When I was a young gymnast, my mother had trouble watching me compete on the balance beam. She said the beam just looked so big and I looked so small, and a fall from that height seemed dangerous. Fortunately, I grew and the beam remained the same height. Yet, as I got older the injuries were much more frequent due typically because of overuse. These injuries included sprains, pulled muscles and strains and were an everyday struggle.
Recognizing and preventing possible sports injuries in your children can be challenging. A good beginning is to understand the common injuries within your children sport. Parents, coaches, former athletes, and sports medicine practitioners will be able to provide this information. Some of the most common across many sports are: sprained ankle, pulled groin and pulled hamstring. There are also excellent resources online including a website named Youth Sport Parent, which addresses many issues in youth sport beyond injury.
A very popular concern for youth sport injuries today is the overuse injuries that can be caused by chronic play without adequate rest and recovery. This is a particular concern with some youth sports becoming more specialized encouraging participation in the same sport (and the same sport specific movements) year-round. One of the best things a parent can do is listen to their children talk about how they feel, both physically and mentally. Furthermore, a parent can follow up with more questions to clarify something their child said. This can be a simple, but very useful, way to get a better understanding of when rest is needed.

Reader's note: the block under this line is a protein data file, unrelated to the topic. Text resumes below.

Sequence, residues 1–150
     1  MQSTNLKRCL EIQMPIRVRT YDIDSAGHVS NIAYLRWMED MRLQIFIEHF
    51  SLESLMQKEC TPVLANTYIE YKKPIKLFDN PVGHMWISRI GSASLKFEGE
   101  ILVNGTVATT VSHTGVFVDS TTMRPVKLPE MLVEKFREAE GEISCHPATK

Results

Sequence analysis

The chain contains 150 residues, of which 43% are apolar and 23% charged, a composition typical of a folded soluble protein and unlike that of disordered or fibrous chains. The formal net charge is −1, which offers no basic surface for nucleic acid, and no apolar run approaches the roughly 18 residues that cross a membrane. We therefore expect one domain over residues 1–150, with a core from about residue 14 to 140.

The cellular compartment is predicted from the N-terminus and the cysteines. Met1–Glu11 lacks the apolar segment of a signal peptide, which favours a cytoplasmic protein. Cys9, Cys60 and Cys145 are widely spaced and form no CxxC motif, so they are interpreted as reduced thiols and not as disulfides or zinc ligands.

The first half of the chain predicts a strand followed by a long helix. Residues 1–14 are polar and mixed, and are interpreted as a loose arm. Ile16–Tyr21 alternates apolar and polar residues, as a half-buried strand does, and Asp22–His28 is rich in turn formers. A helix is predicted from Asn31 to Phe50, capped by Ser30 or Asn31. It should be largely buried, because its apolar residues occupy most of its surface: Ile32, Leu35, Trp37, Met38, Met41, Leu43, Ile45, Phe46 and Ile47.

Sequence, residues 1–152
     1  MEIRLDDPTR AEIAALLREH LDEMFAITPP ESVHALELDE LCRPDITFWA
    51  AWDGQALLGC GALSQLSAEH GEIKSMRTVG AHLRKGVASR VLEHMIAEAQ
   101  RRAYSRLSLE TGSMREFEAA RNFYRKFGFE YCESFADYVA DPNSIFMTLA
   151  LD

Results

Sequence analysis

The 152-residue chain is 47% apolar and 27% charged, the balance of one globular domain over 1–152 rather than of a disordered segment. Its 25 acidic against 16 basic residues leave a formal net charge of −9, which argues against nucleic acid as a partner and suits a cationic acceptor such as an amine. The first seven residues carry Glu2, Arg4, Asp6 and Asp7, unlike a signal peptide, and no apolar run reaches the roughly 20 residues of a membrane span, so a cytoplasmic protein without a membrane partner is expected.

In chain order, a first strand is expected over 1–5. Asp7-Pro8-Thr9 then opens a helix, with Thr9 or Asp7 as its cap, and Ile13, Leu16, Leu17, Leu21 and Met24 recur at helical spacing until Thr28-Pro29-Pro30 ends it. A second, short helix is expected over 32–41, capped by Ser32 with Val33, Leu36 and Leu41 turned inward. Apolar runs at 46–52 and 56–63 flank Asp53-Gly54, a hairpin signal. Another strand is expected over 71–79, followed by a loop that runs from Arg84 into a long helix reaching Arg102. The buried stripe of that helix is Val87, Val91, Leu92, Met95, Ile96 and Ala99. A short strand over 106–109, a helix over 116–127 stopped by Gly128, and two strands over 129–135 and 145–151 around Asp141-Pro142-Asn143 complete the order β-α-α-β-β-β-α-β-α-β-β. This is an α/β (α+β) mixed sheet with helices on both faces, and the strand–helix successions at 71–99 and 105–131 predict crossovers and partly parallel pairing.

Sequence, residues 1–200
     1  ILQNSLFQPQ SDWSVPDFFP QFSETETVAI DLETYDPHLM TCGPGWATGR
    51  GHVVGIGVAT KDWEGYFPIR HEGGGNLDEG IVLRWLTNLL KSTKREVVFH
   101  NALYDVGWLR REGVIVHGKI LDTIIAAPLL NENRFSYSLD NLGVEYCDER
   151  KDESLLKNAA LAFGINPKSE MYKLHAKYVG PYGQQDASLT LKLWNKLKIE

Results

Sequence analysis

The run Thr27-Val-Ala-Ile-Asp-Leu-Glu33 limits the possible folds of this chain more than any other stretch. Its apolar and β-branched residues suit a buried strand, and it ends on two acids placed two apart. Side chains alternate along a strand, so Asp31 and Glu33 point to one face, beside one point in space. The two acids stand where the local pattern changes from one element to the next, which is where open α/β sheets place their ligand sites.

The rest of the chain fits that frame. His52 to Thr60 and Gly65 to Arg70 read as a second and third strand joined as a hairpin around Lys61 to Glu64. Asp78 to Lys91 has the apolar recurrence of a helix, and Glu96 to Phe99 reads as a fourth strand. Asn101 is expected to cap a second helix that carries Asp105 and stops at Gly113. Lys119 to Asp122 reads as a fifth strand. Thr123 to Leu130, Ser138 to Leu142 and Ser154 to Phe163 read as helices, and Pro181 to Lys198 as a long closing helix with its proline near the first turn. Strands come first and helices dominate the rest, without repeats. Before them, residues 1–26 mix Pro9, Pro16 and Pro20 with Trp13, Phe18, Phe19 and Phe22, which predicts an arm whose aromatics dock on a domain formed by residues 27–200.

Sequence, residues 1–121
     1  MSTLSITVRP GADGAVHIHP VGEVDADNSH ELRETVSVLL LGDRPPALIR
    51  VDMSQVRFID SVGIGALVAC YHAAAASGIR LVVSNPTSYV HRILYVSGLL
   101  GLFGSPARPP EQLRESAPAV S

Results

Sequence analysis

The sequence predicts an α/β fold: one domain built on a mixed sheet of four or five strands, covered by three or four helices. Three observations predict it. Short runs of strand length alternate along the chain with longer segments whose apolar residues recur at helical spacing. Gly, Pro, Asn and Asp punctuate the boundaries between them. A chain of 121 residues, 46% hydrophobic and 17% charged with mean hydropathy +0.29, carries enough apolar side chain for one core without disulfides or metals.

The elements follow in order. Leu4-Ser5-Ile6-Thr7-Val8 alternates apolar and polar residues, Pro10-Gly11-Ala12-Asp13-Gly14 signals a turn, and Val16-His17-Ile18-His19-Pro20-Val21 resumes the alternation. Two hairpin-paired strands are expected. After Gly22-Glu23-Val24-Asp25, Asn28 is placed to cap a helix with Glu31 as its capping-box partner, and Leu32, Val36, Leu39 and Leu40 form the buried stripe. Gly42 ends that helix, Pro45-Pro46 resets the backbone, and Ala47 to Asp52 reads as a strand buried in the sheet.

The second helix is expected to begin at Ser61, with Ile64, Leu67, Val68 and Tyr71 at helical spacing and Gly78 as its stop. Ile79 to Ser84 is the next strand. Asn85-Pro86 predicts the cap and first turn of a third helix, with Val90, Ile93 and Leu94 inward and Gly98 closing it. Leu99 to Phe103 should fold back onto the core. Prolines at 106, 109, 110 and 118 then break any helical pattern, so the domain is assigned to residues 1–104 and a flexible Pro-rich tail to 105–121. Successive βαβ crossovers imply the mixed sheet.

Parents can also talk to their children about both hydration and stretching in and out of their sport training and review muscle pull prevention tips. Experts on youth sports medicine have encouraged more dynamic, rather than static, stretching during warm up in order to loosen muscles and increase heart rate before vigorous exercise.
Understanding injury prevention in sport will be different for each athlete. The factors in which an athlete becomes injured can include various physical, emotional, and mental elements. For parents, it isn’t necessarily only a concern for that one big fall, but a process of understanding the risk and assessing the needs for rest. Lastly, and most importantly, a parent can help young athletes to begin to understand themselves better especially in terms of a possible risk and the need for recovery.